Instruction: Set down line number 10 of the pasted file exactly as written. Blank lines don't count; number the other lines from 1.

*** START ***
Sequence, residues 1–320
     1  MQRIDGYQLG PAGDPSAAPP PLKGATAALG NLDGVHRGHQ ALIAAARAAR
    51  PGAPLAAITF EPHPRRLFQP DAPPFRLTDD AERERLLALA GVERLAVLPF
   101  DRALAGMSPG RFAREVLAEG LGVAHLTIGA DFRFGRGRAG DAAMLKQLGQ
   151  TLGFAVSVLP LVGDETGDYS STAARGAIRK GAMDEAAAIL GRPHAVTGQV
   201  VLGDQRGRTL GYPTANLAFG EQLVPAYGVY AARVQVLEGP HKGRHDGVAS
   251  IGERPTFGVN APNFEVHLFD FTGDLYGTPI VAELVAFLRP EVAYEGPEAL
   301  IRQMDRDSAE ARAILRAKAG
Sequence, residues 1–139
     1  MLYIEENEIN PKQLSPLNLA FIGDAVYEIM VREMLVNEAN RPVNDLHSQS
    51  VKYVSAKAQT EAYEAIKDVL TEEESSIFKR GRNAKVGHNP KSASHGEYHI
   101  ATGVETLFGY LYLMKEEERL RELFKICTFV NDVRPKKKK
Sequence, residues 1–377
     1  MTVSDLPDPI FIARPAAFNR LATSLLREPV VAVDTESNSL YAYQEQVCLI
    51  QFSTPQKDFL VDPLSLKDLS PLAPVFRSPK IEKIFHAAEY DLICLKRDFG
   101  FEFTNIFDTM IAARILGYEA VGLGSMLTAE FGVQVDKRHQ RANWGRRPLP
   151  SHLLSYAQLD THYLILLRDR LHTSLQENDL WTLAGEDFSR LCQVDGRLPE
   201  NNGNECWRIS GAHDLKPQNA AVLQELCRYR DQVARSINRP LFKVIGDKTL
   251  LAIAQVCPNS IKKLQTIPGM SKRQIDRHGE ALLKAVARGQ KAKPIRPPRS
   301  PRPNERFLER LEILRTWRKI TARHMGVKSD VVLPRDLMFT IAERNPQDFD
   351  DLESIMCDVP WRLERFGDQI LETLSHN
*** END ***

     1  MLYIEENEIN PKQLSPLNLA FIGDAVYEIM VREMLVNEAN RPVNDLHSQS